The “best practices” recommended to grow your following on social media networks are as varied as the actual networks. Too often, these so-called “best practices” have you doing something rather silly. They have you growing your following on the social network themselves. I think the biggest misconception out there about social followings is that they inherently have value. That, somehow, simply having people following you results in money.
It is true that gaining many thousands of followers on certain platforms gives you something. For instance, on YouTube, you can make a nice chunk of change off ad revenue alone, but you need some truly astronomical numbers to do so. Most people aren’t capable of this — it’s unrealistic to think this is achievable for the average business. However, on other platforms, having a large following means nothing. Facebook has been reducing the reach of business pages for years, which means all those lovely likes you’ve worked so hard to accumulate have almost no effect on the reach of your posts. Twitter is overrun by bots, and Instagram… well, followers are good for your ego I suppose.
The point I’m trying to get at is simple — followers, in and of themselves, have a pretty low amount of value. Or, to put it a better way, the quantity of followers is meaningless.
What matters is quality.
A Small Quality Following Is Greater Than a Large Unengaged Following
Here’s a simple question — would you rather have 100,000 bots following you or 10,000 real people? That’s an easy one — here’s a better one: Would you rather have 10,000 people who you don’t talk to and who won’t buy your stuff following you, or would you rather have 100 who engage with you and buy your stuff? All those likes on Facebook aren’t going to sell your products/services. Remember, the whole reason you’re trying to grow a following in the first place is to sell something. If your goal is the following itself, you’re doing this wrong. Quality followers who engage with you, who talk to you, who buy your products/services, are infinitely more valuable than a bunch of unengaged followers who basically sit around stroking your ego.
Get Rid of Old Habits
If you want to grow an engaged, profitable following that’s going to actually help you grow your business, you need to get rid of some old habits.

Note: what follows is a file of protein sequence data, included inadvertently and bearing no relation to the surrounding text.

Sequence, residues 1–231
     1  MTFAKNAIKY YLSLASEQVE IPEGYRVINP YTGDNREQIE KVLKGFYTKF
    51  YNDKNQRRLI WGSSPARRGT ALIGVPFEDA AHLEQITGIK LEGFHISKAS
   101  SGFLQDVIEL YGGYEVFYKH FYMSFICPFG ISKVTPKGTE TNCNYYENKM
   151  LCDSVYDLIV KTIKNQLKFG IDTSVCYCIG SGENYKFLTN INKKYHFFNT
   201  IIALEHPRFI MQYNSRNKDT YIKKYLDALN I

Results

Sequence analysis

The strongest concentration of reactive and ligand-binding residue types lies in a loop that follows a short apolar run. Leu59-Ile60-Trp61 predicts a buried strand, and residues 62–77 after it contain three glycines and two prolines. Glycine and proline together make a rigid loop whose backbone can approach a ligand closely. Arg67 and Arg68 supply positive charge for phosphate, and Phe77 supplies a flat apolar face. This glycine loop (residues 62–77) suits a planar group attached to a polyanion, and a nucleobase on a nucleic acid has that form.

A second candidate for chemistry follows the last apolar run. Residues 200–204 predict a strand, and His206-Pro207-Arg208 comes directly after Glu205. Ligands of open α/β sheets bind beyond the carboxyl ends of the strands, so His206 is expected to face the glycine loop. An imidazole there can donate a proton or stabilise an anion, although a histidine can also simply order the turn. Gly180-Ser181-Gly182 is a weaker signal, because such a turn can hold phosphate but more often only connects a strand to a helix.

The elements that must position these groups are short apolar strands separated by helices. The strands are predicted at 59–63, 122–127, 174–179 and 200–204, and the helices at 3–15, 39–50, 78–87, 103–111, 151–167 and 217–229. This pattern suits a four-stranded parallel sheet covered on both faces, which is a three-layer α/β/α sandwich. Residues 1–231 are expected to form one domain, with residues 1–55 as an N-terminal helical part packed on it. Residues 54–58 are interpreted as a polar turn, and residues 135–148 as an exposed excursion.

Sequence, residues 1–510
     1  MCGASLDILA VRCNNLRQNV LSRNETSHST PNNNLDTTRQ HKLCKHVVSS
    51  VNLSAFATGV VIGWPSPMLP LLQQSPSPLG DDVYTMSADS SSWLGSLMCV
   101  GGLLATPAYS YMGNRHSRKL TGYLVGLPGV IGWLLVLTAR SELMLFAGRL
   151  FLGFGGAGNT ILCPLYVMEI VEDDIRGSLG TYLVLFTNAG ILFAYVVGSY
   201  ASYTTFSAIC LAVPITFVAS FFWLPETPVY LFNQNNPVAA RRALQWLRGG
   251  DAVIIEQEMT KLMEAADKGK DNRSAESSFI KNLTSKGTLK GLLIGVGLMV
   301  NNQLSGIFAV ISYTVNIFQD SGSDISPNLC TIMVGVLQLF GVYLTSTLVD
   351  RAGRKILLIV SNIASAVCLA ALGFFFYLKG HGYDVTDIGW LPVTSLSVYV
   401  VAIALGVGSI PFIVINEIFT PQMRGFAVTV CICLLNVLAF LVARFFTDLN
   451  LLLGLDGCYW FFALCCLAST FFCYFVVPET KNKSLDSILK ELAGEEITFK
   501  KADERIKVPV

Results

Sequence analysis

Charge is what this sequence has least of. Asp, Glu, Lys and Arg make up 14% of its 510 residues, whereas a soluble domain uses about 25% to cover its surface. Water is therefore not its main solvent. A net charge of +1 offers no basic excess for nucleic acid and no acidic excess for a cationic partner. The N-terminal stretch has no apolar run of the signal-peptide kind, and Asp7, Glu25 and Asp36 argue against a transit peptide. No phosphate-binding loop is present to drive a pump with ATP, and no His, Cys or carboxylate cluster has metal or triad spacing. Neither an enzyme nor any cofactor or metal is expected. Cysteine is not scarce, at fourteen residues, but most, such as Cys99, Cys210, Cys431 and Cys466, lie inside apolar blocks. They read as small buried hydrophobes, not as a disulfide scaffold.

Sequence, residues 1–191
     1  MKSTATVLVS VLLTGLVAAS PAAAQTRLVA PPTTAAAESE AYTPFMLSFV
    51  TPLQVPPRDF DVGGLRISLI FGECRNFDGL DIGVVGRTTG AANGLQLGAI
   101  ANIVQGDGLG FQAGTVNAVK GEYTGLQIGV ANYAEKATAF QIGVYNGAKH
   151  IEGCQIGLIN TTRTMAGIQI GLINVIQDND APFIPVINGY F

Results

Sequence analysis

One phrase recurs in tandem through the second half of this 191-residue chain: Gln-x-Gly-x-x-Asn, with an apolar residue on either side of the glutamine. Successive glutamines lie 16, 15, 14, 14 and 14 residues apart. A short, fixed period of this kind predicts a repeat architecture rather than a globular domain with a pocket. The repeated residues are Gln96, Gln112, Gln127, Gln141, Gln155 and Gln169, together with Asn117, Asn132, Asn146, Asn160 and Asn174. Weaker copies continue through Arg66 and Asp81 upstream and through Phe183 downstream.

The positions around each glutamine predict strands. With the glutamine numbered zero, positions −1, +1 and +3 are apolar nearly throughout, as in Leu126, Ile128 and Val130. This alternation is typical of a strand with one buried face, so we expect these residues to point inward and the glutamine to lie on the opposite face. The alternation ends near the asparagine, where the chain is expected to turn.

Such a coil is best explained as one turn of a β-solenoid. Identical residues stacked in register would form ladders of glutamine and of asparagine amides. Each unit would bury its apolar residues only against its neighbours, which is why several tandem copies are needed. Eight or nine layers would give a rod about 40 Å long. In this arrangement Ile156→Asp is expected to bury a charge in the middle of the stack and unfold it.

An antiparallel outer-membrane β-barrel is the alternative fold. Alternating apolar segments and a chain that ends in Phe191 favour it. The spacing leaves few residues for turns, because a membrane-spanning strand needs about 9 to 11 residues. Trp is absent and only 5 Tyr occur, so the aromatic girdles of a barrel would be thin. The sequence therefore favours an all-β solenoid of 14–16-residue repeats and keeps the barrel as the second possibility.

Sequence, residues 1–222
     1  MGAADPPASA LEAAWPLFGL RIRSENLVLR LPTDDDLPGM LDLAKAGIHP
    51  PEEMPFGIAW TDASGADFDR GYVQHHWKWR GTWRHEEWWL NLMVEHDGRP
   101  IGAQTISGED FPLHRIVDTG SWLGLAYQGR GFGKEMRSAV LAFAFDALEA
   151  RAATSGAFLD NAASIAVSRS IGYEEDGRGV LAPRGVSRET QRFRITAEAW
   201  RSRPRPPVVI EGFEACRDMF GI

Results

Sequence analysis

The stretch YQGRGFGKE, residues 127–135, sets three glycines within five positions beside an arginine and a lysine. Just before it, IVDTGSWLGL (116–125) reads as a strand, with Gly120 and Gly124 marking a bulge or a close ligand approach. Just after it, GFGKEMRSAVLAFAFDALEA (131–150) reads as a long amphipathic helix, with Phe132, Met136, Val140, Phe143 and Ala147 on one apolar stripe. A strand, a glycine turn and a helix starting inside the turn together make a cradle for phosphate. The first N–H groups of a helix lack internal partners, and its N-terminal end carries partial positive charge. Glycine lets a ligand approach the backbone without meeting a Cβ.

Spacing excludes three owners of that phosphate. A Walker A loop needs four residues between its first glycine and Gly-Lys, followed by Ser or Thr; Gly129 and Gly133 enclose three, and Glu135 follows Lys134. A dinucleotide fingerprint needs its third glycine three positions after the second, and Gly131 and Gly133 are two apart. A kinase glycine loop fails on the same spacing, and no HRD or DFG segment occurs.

First on the list is the idea that you just need to post obsessively. The most successful social media people I know spend very little time posting and most of their time engaging. Most people use social media the same way they use the newspaper. They read it, and they don’t actually do anything on it. Most people lurk. If you’re expecting those lurkers to engage with you just because you retweeted something, you’re SOL. The same goes for any platform. All those likes and hearts mean nothing if the people clicking the buttons don’t do something afterwards. How do you get those people to take action?
Engage with them.
Now, when you do this, you’re going to spend less time posting. Your heart is going to tell you this is wrong, that you should just shoot off a quick “Thank you!” when someone shares a post of yours and then jump back to scheduling. Your heart is wrong. It is well worth your time to spend lots of time (think 20 minutes or more) crafting a long, well-thought-out response to even the simplest comments or questions on social media. When you think of your comments on social media as a form of content, as carrying at least as much value as anything you might post, you start to understand how much time, effort, and care should be put into any attempts you make to engage your audience.
Best Practices to Grow an Engaged, Profitable Following
In a nutshell, here’s how you can grow an engaged, profitable following that will actually spend money on your products/services:
- Make an effort to identify where your ideal quality followers are, and then engage with them there (for example, if your ideal followers are hanging out on someone else’s YouTube channel, go to that YouTube channel and comment/respond/chat/share)
- Spend less than 10% of your time on social sharing or pushing your own stuff — spend 90% of your time engaging
- Respond to every engagement in some way
- Reciprocate in every case where someone does you a favor (a share, a like, a comment — do the same for them!)
- For higher level engagements (comments, shares), spend time crafting a detailed response that invites a conversation
- Periodically comb through your follower lists, find your top interactors, and then offer them something of value, for free, on an individual basis
- Periodically reach out to your top interactors and invite them to join your mailing list so they can see some of your higher-value content regularly (and you can start nurturing those potential leads)
- Periodically comb through your follower lists and identify the people you wish you interacted with more or think might be good leads and engage with them individually
- Periodically comb through the follower lists of your competitors and identify the people you wish you interacted with more or think might be good leads and engage with them individually
- Periodically visit places on each social media platform where people gather to interact (on a page’s comments, in a group, etc.) and identify the people you wish you interacted with more or think might be good leads and engage with them individually
If you do all this, with engagement as the groundwork of everything you do, the touchstone you always come back to, you can’t help but succeed. You’ll grow your following, but importantly, you’ll only fill your following with people who are going to help your business grow.
Once you’ve got the social thing down, it’s time to move beyond — read this article by Adebisi Adewusi to learn how.